Movants point out that the policy was issued on July 3, 1968, while the present action for rescission was not brought until February 16, 1971. They also draw attention to the issuance of subsequent endorsements on the policy by the plaintiffs, the latest being on December 9, 1970. Movants assert that this last endorsement was long after public disclosure of the events pertaining to the Executive Jet Aviation, Penphil, and Butcher & Sherrerd matters, offering copies of various newspaper articles as exhibits.

 In rebuttal, plaintiffs attempt to minimize the import of the December 9, 1970, endorsement by stressing that it deals with nothing more than a recognition of the corporate reorganization which had taken place previously. Plaintiffs also assert that their investigation into Penn Central's affairs was concurrent with those of various government agencies, with the complaint in this action being filed just one day after the House Banking and Currency Committee issued its report, "Penphil -- The Misuse of Corporate Power."

 Summary judgment must be denied at this time. Aside from the impropriety of granting the motion on the basis of unsworn exhibits, the issue of whether estoppel has occurred is one which must be examined very carefully. The particular factual situation must be scrutinized to determine whether the innocent party has elected to proceed with the contract after he has learned of the fraudulent representation, or, on the other hand, whether he has merely taken investigatory steps to ascertain whether there is in fact a solid basis for a rescission action, an intentional material misrepresentation. See City of Reading v. Rae, 106 F.2d 458 (C.A.3, 1939), cert. denied 308 U.S. 607, 84 L. Ed. 508, 60 S. Ct. 145.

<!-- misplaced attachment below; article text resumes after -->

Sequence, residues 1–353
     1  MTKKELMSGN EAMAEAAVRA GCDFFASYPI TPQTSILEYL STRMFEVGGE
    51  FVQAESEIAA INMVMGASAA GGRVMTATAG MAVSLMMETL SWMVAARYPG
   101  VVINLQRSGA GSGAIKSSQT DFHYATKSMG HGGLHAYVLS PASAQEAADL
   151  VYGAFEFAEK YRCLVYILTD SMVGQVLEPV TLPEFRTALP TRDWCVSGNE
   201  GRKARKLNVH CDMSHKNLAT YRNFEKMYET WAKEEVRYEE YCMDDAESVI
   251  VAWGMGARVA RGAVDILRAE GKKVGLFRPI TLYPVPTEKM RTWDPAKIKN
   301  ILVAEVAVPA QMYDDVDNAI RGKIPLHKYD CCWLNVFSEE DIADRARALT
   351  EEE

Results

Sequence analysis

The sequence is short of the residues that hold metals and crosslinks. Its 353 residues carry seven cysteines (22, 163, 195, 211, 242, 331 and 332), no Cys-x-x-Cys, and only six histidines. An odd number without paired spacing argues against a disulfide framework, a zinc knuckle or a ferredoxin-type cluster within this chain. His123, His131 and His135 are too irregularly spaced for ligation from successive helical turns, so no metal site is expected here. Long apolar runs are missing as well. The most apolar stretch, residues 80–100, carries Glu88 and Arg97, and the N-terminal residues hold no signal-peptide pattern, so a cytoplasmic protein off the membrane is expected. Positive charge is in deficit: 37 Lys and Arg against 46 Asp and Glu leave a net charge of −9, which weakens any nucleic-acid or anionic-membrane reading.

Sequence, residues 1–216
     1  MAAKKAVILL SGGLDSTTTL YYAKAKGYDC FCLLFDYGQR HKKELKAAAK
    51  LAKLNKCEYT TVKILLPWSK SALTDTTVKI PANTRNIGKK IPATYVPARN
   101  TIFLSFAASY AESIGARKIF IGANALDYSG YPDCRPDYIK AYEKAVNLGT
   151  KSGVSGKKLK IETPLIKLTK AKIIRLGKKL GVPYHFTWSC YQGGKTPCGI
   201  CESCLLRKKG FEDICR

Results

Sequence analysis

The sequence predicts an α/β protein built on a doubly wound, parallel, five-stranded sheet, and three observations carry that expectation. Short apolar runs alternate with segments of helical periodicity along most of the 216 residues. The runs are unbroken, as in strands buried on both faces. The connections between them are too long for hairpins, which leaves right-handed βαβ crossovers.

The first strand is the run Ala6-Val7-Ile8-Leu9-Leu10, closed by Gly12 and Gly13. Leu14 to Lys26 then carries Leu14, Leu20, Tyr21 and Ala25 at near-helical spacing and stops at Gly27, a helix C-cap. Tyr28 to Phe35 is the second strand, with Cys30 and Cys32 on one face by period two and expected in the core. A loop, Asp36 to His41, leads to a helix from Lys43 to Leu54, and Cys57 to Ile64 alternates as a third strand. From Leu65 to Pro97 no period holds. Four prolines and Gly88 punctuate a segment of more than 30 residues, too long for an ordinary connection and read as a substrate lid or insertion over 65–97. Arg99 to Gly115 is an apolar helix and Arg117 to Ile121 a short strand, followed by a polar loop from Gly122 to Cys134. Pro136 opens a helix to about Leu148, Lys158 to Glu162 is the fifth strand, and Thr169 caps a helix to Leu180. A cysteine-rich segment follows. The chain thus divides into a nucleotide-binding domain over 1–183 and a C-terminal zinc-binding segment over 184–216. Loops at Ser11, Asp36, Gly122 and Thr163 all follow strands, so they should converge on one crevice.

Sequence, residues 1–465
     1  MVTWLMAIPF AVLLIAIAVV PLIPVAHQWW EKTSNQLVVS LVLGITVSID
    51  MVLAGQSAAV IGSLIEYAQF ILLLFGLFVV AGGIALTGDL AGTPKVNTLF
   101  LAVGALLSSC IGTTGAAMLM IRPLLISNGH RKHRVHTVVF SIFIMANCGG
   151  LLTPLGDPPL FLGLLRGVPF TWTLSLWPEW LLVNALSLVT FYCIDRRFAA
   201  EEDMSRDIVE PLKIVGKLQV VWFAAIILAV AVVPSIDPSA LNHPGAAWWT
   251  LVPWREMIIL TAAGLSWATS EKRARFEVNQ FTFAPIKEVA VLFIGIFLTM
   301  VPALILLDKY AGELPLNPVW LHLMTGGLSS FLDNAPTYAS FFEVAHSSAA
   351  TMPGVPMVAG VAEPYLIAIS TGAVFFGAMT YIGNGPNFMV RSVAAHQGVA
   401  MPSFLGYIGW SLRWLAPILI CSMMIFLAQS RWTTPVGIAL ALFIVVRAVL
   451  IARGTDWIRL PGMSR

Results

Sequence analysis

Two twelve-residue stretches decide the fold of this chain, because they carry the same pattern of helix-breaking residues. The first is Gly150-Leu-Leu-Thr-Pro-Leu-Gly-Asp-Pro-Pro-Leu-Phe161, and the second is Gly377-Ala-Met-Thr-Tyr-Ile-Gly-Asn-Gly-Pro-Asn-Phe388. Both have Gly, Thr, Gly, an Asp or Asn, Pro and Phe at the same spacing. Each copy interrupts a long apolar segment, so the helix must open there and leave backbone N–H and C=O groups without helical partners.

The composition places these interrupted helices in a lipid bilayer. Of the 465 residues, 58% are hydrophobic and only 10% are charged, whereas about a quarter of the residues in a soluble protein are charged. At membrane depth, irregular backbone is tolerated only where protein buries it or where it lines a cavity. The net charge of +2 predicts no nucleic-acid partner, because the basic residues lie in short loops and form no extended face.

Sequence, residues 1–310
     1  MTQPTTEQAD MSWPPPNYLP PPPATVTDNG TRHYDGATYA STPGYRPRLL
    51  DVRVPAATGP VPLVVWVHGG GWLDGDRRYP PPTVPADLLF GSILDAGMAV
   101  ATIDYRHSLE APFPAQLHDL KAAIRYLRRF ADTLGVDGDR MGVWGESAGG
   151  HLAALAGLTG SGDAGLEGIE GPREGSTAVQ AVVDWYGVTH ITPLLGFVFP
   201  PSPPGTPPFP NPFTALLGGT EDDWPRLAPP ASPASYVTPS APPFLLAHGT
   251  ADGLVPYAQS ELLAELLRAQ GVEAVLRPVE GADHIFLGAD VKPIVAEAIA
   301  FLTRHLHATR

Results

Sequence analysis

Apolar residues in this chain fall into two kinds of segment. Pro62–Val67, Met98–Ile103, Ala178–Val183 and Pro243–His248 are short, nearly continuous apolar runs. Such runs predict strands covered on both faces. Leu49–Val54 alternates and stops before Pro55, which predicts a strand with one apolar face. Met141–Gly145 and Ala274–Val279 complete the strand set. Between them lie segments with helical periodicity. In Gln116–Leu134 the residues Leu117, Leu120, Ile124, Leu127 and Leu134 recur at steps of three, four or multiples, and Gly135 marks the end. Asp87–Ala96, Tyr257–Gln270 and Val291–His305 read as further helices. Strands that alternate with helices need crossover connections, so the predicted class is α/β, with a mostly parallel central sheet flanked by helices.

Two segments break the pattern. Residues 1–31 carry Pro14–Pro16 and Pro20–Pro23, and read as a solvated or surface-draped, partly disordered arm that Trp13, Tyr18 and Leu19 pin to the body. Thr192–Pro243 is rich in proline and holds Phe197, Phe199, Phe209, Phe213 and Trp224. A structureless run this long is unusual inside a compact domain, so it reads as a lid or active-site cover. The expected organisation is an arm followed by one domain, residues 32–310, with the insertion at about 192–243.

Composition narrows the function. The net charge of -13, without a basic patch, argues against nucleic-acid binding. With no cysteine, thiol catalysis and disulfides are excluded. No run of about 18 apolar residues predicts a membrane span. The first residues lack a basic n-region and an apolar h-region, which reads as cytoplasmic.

Movants argue that even if estoppel has not taken place and plaintiffs do have a right to rescind generally, they still may not do so as to innocent insureds such as themselves. They offer uncontroverted affidavits in which they claim that they had no knowledge at the time of the issuance of the policy of any matters that might indicate the probability of a future claim against them. Their truthful answers to Item 10 as individuals, thus, would have been something similar to "None Known," but they were never requested to respond to the application. They further assert that they did not authorize Mr. Bevan or anyone else to make any representations on their behalf on the application. Indeed, defendants Kirk and Kattau allege that they knew nothing at all about an application for insurance, and learned of the policy only through a written memorandum circulated among the staff sometime after July 2, 1968, which informed them that Penn Central Company had purchased "directors' and officers' liability insurance."